Apog
Image source: Apogee Enterprises.

The construction industry has gone through its share of challenges lately, and with its focus on architectural windows and other products used in building projects, Apogee Enterprises (NASDAQ:APOG) has its fortunes tied closely to activity levels in construction. Coming into Wednesday's fiscal third-quarter financial report, Apogee investors had grown increasingly nervous about the potential direction of the economy and its impact on the business, but they still expected reasonable growth in sales and net income. Apogee only managed to deliver on half of those expectations, posting a surprising drop in revenue and falling short of earnings estimates among investors. Let's look more closely at how Apogee Enterprises did during the quarter and whether a turnaround for the glass maker is in its future.

Apogee's sales growth shatters
Apogee's fiscal third-quarter results came as a surprise to many investors. Revenue fell 2% to $238.3 million, badly missing the projections for nearly 9% growth that investors following the stock had expected to see. Apogee managed to grow its net income by an impressive 35% to $18.5 million, but resulting earnings of $0.63 per share was nevertheless $0.02 short of the consensus forecast.

Looking more closely at Apogee's results, conditions continue to be challenging in some areas. The strong U.S. dollar held back Apogee's growth somewhat, but even on a constant currency basis, the company posted flat results on the top line. Backlog growth accelerate somewhat, climbing 10% from the year-ago quarter to $544.7 million and hitting another record high. Even so, gains in the backlog have been less extreme than those that Apogee experienced early in the year. Apogee expects about 30% of the backlog to get delivered during the current fiscal year and the remainder to come next year or beyond.

On a business-by-business basis, Apogee had mixed performance. Architectural services posted a 9% rise in revenue, with the company reporting good operational performance and improving project margins that helped to push operating margins for the segment up by more than 5 percentage points. The key architectural glass unit saw a 5% drop in revenue that came largely from the currency impact of its Brazilian operations, but operating income grew by 44%. Similarly, the architectural framing systems division suffered a 5% drop in sales but grew operating income by 22%, with lower raw material costs and better pricing making up for lower sales. Only the large-scale optical technology unit saw declines in both revenue and operating income, although it managed to keep down the bottom-line declines through cost management and higher productivity.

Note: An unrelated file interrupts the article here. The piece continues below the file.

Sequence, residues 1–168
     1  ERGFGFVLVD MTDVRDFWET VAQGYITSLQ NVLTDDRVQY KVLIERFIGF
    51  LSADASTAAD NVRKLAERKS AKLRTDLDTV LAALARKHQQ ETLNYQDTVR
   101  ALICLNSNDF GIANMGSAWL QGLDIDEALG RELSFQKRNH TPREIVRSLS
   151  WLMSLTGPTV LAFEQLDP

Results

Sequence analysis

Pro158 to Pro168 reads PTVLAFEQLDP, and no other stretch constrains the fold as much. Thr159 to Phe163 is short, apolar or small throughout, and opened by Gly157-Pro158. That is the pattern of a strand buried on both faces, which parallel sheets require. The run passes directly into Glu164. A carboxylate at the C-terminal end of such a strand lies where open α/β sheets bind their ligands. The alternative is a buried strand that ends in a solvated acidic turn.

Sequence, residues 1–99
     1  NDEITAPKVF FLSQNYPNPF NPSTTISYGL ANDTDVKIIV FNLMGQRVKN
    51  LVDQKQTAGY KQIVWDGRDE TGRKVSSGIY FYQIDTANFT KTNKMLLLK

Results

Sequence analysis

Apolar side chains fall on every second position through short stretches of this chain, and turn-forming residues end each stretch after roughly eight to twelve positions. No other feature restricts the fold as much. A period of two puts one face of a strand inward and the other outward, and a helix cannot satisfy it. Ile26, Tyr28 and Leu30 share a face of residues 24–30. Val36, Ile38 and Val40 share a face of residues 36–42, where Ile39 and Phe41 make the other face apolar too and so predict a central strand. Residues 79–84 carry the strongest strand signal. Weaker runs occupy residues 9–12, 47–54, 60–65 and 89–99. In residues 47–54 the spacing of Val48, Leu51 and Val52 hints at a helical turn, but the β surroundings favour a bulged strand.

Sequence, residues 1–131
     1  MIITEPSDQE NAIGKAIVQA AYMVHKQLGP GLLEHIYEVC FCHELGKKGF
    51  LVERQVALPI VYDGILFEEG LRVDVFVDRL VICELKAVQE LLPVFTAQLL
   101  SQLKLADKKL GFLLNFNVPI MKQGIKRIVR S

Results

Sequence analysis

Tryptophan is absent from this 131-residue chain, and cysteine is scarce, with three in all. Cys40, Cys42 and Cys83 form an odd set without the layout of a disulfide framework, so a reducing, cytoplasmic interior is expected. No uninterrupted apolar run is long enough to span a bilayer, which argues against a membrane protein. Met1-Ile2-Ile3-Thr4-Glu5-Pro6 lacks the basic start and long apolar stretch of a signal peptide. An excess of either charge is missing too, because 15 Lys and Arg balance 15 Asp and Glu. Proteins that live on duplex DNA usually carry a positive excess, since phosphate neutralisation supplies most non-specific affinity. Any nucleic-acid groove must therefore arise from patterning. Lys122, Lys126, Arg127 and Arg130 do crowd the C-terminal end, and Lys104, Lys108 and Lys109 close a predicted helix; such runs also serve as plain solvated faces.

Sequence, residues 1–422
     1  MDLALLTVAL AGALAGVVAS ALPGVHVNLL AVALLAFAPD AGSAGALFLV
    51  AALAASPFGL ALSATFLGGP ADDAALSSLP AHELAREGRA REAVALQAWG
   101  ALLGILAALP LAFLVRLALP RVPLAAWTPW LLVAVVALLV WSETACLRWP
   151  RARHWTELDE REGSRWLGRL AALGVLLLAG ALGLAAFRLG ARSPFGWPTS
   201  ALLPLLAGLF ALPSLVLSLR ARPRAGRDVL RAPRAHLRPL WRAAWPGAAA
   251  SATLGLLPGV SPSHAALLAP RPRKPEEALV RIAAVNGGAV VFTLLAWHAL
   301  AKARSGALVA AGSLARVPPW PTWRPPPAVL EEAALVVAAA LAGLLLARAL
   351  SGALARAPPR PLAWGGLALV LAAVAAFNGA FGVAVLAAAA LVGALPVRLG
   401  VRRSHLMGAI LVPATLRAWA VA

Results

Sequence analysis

CEO Joseph Puishys was pleased with the company's results, pointing to backlogs and margins in driving its operational success. "We continue to experience strong bidding and award activity," Puishys said, and the CEO blamed some of the revenue shortfall on "project timing that pushes some revenues into fiscal 2017."

Can Apogee bounce back?
Puishys also thinks that Apogee will finish fiscal 2016 on a strong note. The company raised its earnings guidance for the full year, pushing the bottom end of its previous range up a nickel and guiding for $2.15 to $2.25 per share on the bottom line. Apogee did rein in sales growth expectations for the year, now expecting mid-single-digit percentage growth rather than high single digit. Yet the company believes that fiscal 2017 will bring a return to the double-digit percentage growth that investors have wanted to see.

Apogee also has ambitious long-term plans for growth. "Our strategies to grow through new geographies, new products, and new markets, along with our focus on better project selection, productivity, and operational improvements, are delivering positive results," Puishys said, and the CEO expects that internal investment will result in annual capital expenditures of $40 million to $45 million.

Investors weren't immediately convinced about Apogee's future prospects, reacting badly to the revenue miss and sending the stock down 4% immediately after the announcement. For Apogee to recover, it needs to find ways to accelerate growth and deal with tough conditions in a way that won't lead to further negative surprises in the future.

Dan Caplinger has no position in any stocks mentioned. The Motley Fool recommends Apogee Enterprises. Try any of our Foolish newsletter services free for 30 days. We Fools may not all hold the same opinions, but we all believe that considering a diverse range of insights makes us better investors. The Motley Fool has a disclosure policy.